Who is to blame for the RMS Leinster disaster?
Dublin, 23 October 1918 - The reaction to the attack on the mail ship RMS Leinster has been one of outrage and the people of Ireland are looking for someone to blame.
The jury at the inquest of one of the Leinster victims at the Kingstown Coroner’s Court appeared to place responsibility on the Admiralty for not providing an escort for the mail boats, particularly as the Chairman of the City of Dublin Steam Packet Company had requested such support as far back as three years ago. The refusal of the Admiralty to grant such an escort has been described by the Irish Independent as a ‘foolhardy policy’ that has now resulted in the loss of close on 500 lives.
But the real blame for the Leinster disaster, according to Irish press opinion, rests with Germany.
The Irish Independent has accused the Germans of committing one of the ‘foulest crimes against humanity: ‘The Lusitania was the first of her hideous landmarks in this war; the Leinster, we hope and pray, will be among the last. Both crimes were committed in Irish waters; from both of the stricken vessels the murdered bodies of men, women, and children were landed on Irish soil.’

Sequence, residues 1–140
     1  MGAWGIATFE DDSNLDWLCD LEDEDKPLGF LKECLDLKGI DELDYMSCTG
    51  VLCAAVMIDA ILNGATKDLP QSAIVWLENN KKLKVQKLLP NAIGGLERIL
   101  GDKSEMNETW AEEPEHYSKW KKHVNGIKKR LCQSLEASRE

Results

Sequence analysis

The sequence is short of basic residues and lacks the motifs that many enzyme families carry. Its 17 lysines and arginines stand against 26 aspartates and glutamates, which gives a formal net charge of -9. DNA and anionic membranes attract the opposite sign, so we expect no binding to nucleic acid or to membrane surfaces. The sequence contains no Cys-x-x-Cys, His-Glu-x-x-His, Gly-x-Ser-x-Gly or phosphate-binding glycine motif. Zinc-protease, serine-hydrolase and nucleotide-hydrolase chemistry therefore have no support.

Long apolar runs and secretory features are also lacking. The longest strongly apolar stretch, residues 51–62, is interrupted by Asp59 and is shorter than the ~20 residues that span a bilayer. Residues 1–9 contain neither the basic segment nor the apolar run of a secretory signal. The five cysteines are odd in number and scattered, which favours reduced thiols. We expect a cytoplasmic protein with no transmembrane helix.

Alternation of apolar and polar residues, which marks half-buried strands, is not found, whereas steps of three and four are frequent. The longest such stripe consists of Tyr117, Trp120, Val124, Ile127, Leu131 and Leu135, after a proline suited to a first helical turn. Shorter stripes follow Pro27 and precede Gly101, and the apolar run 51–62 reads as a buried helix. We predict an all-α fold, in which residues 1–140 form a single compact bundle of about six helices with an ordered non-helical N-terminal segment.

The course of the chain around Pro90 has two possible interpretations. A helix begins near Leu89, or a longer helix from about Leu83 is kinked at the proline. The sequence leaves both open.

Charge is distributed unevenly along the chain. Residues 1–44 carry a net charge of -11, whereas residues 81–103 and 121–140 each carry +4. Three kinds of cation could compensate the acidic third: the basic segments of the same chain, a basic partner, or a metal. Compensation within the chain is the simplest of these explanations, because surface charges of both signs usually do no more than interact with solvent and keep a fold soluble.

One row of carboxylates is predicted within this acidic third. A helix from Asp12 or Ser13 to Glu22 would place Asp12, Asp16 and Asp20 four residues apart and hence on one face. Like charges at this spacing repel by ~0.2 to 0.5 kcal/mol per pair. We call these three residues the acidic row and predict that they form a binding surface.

German authorities have issued a statement regretting the loss of innocent life, but stressing the difficulty of distinguishing between ships used for war and for civilian purposes.
For the staunchly unionist Belfast Newsletter, the disaster has afforded an opportunity to tarnish the Sinn Féin reputation; an editorial in the days after the tragedy wondered if the Sinn Féiners will share the view of ‘their German friends’ that it was an ‘ordinary act of war’ and whether they will continue to look to them for deliverance from British rule.
[Editor's note: This is an article from Century Ireland, a fortnightly online newspaper, written from the perspective of a journalist 100 years ago, based on news reports of the time.]